Protein degradation maintains cellular integrity by regulating virtually all biological processes, whereas impaired proteolysis perturbs protein quality control, and often leads to human disease. Two major proteolytic systems are responsible for protein breakdown in all cells: autophagy, which facilitates the loss of organelles, protein aggregates, and cell surface proteins; and the ubiquitin-proteasome system (UPS), which promotes degradation of mainly soluble proteins. Recent findings indicate that more complex protein structures, such as filamentous assemblies, which are not accessible to the catalytic core of the proteasome in vitro, can be efficiently degraded by this proteolytic machinery in systemic catabolic states in vivo. Mechanisms that loosen the filamentous structure seem to be activated first, hence increasing the accessibility of protein constituents to the UPS. In this review, we will discuss the mechanisms underlying the disassembly and loss of the intricate insoluble filamentous myofibrils, which are responsible for muscle contraction, and whose degradation by the UPS causes weakness and disability in aging and disease. Several lines of evidence indicate that myofibril breakdown occurs in a strictly ordered and controlled manner, and the function of AAA-ATPases is crucial for their disassembly and loss. Full article
(This article belongs to the Special Issue Looking Back and Ahead: Emerging Concepts in Ubiquitin and UBLs)
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Article
Chemopreventive Effect of 5-Flurouracil Polymeric Hybrid PLGA-Lecithin Nanoparticles against Colon Dysplasia Model in Mice and Impact on p53 Apoptosis
Biomolecules 2021, 11(1), 109; https://doi.org/10.3390/biom11010109 - 15 Jan 2021
Cited by 1 | Viewed by 1117
Abstract
The use of 5-fluorouracil (5FU) is associated with multifaceted challenges and poor pharmacokinetics. Poly(lactic-co-glycolic acid)-lipid hybrid nanoparticles (PLNs)-based therapy has received attention as efficient carriers for a diversity of drugs. This study evaluated the in vivo chemotherapeutic and anti-proliferative efficacy of 5FU-loaded PLNs [...] Read more.
The use of 5-fluorouracil (5FU) is associated with multifaceted challenges and poor pharmacokinetics. Poly(lactic-co-glycolic acid)-lipid hybrid nanoparticles (PLNs)-based therapy has received attention as efficient carriers for a diversity of drugs. This study evaluated the in vivo chemotherapeutic and anti-proliferative efficacy of 5FU-loaded PLNs against 1,2-dimethylhydrazine (Di-MH) prompted colon dysplasia in mice compared to free 5FU. 5FU PLNs were prepared. Male Swiss albino mice were distributed to six experimental groups. Group 1: Saline group. All the other groups were injected weekly with Di-MH [20 mg/kg, s.c.]. Group 2: Di-MH induced colon dysplasia control group. Groups 3 and 4: Di-MH + free 5FU treated group [2.5 and 5 mg/kg]. Groups 5 and 6: Di-MH + 5FU-PLNs treated group [2.5 and 5 mg/kg]. Free 5FU and 5FU-PLNs doses were administered orally, twice weekly. Treatment with 5FU-PLNs induced a higher cytoprotective effect compared to free 5FU as indicated by lower mucosal histopathologic score and reduction in number of Ki-67 immunpositive proliferating nuclei. Additionally, there was significant upregulation of p53 and caspase 3 genes in colon specimens. Our results support the validity of utilizing the PLNs technique to improve the chemopreventive action of 5FU in treating colon cancer. Full article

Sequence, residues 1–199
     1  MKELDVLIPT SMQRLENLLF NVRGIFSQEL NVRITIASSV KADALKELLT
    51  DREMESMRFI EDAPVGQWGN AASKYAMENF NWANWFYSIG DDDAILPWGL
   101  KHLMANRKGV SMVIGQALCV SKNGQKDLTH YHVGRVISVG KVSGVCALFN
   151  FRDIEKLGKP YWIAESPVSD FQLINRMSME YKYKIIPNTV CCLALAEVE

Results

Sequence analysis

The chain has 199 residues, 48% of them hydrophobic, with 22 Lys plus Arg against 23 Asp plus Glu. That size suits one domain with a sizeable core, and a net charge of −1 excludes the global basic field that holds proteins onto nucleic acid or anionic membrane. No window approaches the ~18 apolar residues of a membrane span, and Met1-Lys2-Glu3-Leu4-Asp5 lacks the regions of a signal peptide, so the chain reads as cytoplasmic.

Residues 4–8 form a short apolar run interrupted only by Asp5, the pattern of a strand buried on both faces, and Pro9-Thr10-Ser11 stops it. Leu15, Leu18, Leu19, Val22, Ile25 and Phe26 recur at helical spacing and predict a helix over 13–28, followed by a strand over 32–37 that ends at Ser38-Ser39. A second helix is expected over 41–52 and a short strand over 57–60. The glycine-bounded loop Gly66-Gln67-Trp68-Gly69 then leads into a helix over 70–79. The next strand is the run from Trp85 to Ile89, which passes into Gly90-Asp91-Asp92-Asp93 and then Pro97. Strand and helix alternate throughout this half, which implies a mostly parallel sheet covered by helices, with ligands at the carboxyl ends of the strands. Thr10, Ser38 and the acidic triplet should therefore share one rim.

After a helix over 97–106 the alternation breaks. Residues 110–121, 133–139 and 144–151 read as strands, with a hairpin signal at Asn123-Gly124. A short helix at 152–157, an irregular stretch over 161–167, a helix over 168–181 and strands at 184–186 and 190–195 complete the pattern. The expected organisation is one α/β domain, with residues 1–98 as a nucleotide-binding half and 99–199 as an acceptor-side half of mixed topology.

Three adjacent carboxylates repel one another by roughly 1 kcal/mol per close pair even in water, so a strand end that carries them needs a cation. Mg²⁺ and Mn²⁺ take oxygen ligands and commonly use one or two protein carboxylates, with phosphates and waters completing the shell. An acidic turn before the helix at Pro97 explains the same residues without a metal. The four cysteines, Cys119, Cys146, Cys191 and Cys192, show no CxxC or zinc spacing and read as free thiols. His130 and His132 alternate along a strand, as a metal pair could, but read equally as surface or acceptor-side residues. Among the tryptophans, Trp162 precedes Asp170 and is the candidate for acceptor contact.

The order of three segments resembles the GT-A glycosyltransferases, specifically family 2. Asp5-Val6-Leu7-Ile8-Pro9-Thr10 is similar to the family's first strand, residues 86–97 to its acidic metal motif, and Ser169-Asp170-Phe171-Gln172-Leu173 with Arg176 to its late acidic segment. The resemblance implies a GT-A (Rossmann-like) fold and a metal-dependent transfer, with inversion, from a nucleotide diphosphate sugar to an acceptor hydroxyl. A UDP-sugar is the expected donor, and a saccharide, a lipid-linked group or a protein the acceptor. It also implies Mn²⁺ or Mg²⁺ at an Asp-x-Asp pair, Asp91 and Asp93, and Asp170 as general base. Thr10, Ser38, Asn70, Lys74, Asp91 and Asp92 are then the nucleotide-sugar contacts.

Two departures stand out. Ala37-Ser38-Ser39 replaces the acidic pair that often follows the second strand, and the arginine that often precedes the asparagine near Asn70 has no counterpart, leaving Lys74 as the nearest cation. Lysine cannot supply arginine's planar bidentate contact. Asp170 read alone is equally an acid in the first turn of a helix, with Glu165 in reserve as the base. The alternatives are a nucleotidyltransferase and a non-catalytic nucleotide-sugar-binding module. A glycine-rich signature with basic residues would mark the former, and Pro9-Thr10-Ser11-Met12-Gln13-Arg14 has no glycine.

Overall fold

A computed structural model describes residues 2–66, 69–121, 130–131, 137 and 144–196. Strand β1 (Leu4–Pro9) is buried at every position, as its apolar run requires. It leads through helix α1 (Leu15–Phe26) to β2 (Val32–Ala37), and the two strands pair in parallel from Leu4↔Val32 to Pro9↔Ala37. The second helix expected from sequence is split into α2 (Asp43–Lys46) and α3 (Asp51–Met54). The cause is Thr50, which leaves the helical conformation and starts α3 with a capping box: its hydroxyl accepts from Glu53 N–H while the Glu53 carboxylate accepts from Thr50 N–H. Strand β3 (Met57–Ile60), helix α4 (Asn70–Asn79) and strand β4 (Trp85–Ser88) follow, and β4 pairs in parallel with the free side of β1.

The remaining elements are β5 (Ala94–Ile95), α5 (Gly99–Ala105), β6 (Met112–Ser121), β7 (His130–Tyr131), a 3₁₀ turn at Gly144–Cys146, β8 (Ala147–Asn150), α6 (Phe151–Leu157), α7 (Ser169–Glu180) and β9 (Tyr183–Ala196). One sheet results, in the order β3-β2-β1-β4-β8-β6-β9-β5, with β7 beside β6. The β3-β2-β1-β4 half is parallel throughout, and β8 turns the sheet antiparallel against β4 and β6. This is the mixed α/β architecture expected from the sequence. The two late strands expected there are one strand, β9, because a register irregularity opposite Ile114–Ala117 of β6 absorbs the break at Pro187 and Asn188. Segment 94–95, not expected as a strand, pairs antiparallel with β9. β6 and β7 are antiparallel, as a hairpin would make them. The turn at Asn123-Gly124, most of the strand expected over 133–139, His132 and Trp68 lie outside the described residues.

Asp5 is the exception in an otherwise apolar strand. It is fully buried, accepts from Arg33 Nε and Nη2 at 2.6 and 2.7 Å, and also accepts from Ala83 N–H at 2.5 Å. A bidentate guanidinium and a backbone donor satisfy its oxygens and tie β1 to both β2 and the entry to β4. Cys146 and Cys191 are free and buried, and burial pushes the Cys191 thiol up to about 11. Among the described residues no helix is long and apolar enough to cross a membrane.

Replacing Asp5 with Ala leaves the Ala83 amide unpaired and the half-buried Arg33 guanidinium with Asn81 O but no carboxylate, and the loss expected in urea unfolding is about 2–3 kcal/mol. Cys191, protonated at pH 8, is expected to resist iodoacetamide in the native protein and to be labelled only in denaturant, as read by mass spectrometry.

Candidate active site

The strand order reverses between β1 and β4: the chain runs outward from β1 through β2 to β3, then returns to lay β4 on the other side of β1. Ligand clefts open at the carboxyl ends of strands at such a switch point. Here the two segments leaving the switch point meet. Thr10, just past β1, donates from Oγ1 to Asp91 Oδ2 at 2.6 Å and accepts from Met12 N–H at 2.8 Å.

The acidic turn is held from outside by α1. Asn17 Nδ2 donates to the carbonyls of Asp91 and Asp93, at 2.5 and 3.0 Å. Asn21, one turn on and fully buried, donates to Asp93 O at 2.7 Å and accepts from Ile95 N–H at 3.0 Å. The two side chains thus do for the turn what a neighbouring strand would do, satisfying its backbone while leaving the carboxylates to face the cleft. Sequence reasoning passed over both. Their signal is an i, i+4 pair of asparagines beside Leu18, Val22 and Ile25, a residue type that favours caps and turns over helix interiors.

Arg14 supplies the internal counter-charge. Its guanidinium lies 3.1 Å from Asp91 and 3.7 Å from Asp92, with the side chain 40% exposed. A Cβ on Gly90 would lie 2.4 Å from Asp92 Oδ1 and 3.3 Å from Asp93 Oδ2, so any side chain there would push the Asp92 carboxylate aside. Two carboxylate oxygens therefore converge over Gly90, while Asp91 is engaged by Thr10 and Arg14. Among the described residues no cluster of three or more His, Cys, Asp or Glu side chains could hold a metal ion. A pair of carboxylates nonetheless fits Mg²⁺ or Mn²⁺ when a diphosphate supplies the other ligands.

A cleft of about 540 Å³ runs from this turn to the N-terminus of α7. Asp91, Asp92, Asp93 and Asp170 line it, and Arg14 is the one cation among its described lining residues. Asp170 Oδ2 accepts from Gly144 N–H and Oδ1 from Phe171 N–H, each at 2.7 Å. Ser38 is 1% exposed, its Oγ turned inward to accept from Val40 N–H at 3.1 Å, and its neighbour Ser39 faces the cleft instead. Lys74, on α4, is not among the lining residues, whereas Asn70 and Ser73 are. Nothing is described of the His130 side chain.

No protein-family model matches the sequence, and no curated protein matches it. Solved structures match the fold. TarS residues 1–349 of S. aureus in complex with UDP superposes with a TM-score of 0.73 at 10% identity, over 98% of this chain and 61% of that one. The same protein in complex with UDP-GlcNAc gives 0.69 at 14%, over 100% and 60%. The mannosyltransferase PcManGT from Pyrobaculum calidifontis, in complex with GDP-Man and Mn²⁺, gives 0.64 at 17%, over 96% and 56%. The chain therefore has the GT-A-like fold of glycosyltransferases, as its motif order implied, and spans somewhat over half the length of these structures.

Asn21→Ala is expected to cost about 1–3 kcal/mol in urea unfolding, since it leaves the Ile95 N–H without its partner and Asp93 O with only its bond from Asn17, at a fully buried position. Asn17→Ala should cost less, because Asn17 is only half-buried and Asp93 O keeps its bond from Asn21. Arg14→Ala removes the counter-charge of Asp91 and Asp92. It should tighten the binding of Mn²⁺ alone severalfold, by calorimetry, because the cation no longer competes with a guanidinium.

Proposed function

(This article belongs to the Section Molecular Medicine)
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Article
The Vasoactive Role of Perivascular Adipose Tissue and the Sulfide Signaling Pathway in a Nonobese Model of Metabolic Syndrome
Biomolecules 2021, 11(1), 108; https://doi.org/10.3390/biom11010108 - 15 Jan 2021
Cited by 1 | Viewed by 807
Abstract
The aim of this study was to evaluate the mutual relationship among perivascular adipose tissue (PVAT) and endogenous and exogenous H2S in vasoactive responses of isolated arteries from adult normotensive (Wistar) rats and hypertriglyceridemic (HTG) rats, which are a nonobese model [...] Read more.
The aim of this study was to evaluate the mutual relationship among perivascular adipose tissue (PVAT) and endogenous and exogenous H2S in vasoactive responses of isolated arteries from adult normotensive (Wistar) rats and hypertriglyceridemic (HTG) rats, which are a nonobese model of metabolic syndrome. In HTG rats, mild hypertension was associated with glucose intolerance, dyslipidemia, increased amount of retroperitoneal fat, increased arterial contractility, and endothelial dysfunction associated with arterial wall injury, which was accompanied by decreased nitric oxide (NO)-synthase activity, increased expression of H2S producing enzyme, and an altered oxidative state. In HTG, endogenous H2S participated in the inhibition of endothelium-dependent vasorelaxation regardless of PVAT presence; on the other hand, aortas with preserved PVAT revealed a stronger anticontractile effect mediated at least partially by H2S. Although we observed a higher vasorelaxation induced by exogenous H2S donor in HTG rats than in Wistar rats, intact PVAT subtilized this effect. We demonstrate that, in HTG rats, endogenous H2S could manifest a dual effect depending on the type of triggered signaling pathway. H2S within the arterial wall contributes to endothelial dysfunction. On the other hand, PVAT of HTG is endowed with compensatory vasoactive mechanisms, which include stronger anti-contractile action of H2S. Nevertheless, the possible negative impact of PVAT during hypertriglyceridemia on the activity of exogenous H2S donors needs to be taken into consideration. Full article